I'm in a really weird position.
I know more now than I've ever known before in my entire life, and I'm learning more all the time.
There is undoubtably a greater degree of factual accuracy to what I believe I know than ever before in my entire life, and, undoubtably, the degree of factual accuracy to what I believe I know is growing greater all the time.
So why do I feel so frustrated???
The word gift is an important one in the Bible, and it is good that we understand its definition and implications.
In the New Testament, there are several Greek words translated “gift.” Some of these words are used in contexts other than God’s gift of salvation, such as the reciprocal gift-giving of celebrants (Revelation 11:10), the things received from fathers (Matthew 7:11), offerings to a ministry (Philippians 4:17), and the gifts of the magi (Matthew 2:11).
"How can you believe in salvation by faith alone when the only occurrence of ‘faith alone’ in the Bible (James 2:24) says that salvation is not by faith alone?"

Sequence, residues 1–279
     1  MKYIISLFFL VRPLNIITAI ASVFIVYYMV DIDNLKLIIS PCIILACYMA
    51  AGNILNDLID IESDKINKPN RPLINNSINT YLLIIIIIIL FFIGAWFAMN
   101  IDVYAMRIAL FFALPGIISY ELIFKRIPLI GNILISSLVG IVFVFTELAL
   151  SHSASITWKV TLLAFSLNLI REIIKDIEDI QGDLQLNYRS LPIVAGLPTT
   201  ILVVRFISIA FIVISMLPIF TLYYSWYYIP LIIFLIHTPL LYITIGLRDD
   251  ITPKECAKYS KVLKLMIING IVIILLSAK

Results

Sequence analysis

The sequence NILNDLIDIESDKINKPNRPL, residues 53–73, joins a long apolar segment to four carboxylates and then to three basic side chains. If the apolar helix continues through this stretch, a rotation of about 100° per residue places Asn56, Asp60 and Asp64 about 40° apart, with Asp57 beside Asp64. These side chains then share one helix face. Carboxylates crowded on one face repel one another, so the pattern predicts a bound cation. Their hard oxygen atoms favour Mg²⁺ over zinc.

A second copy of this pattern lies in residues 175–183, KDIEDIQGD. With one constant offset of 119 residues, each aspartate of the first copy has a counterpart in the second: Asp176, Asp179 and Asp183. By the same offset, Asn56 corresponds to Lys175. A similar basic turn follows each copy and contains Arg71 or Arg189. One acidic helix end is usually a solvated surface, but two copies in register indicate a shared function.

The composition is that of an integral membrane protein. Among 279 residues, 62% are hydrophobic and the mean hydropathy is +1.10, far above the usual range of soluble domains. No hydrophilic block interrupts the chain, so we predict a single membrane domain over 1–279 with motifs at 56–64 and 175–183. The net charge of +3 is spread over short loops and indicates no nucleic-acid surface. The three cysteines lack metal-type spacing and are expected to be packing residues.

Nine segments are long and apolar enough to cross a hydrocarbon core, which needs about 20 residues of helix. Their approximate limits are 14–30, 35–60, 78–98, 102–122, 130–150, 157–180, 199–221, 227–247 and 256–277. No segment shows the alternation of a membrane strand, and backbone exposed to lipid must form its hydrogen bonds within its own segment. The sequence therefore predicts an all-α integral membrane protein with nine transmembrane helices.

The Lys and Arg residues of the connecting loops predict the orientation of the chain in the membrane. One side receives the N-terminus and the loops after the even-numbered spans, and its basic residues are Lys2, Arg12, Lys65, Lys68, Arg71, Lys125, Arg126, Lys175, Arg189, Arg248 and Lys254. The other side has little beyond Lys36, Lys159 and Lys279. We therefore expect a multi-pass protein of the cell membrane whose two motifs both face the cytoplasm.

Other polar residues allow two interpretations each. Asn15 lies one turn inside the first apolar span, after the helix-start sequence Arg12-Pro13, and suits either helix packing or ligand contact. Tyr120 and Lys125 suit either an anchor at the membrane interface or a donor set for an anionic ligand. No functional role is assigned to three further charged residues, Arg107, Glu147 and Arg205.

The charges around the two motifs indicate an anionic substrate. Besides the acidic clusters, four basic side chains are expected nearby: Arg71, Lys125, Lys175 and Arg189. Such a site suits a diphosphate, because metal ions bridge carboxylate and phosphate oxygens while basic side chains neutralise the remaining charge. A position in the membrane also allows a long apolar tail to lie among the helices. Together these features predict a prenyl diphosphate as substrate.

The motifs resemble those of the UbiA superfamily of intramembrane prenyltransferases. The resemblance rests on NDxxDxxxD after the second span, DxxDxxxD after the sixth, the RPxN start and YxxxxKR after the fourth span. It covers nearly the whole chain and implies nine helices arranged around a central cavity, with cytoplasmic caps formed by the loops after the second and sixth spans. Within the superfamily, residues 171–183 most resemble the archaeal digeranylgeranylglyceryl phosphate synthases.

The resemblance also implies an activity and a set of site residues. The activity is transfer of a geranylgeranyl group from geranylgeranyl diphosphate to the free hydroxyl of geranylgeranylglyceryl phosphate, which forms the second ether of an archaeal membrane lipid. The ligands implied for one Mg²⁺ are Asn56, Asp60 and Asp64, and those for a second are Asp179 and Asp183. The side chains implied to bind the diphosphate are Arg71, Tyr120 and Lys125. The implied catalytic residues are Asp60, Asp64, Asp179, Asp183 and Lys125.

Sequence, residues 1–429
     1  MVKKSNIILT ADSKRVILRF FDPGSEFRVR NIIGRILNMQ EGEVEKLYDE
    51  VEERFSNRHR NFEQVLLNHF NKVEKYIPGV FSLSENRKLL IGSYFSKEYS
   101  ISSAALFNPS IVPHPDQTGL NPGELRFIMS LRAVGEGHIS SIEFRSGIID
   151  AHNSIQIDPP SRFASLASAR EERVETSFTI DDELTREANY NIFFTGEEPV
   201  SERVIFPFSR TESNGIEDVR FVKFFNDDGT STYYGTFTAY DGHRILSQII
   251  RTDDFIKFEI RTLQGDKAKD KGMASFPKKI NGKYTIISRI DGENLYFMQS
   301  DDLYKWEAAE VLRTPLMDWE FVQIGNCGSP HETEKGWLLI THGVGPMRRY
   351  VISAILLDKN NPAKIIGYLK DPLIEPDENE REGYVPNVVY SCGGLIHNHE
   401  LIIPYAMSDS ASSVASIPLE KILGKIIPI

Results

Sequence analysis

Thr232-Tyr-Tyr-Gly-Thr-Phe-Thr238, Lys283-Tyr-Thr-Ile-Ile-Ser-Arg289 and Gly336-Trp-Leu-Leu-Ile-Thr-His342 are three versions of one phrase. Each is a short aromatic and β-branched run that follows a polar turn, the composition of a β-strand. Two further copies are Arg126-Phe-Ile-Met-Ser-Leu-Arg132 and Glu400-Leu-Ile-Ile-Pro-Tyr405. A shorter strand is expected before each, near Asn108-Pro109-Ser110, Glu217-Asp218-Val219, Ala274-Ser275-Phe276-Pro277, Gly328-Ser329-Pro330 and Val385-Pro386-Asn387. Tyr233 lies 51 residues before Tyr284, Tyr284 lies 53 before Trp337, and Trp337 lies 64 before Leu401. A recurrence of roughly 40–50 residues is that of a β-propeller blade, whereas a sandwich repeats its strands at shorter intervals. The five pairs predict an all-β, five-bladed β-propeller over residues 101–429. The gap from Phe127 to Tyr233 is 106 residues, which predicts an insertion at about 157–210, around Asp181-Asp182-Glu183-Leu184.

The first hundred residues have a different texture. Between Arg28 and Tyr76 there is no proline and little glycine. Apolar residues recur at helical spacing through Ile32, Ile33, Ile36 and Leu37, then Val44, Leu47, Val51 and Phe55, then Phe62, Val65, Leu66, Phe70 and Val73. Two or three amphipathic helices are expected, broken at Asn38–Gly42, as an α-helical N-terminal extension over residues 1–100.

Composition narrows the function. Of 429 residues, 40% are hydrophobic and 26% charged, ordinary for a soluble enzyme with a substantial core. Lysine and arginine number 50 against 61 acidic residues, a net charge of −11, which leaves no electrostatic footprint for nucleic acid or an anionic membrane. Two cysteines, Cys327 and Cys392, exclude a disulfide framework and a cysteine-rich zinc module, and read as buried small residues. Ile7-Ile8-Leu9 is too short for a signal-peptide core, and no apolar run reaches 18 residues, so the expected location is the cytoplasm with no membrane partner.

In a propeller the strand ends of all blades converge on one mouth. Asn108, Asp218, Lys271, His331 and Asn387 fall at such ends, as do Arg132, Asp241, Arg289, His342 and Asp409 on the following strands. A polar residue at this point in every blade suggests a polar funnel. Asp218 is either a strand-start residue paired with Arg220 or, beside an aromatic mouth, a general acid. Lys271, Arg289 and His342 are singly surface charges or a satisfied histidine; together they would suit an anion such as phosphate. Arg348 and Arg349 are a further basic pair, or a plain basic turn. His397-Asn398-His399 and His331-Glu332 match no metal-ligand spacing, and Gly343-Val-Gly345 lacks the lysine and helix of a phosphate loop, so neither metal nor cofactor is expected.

It is entirely true that the one verse in the Bible that contains the exact phrase “faith alone”seemsto argue against salvation by faith alone.James 2:24reads, “You see that a person is justified by works and not by faith alone” (ESV). However, rejecting the doctrine of salvation by faith alone based on this verse
I'm continuing to attempt to do research on Calvinism and Arminianism.
I need to learn more about what's known as Lapsarian Views within Calvinism.
It's pretty clear to me at this point that Seventh Day Adventism and the Jehovah's Witness religion are closely associated.
I still need to learn more about Mormonism.
I need to learn more about Christadelphianism.
For as Jonah was three days and three nights in the whale's belly; so shall the Son of man be three days and three nights in the heart of the earth. (Matthew 12:40)
If Matthew 12:40 literally means three days and three nights then the crucifixion cannot be on Friday. Some say rather than a literal three days it is an old idiom referring to the two days prior to the day being spoken of. We have found nothing to substantiate this view. The Friday crucifixion is the most widely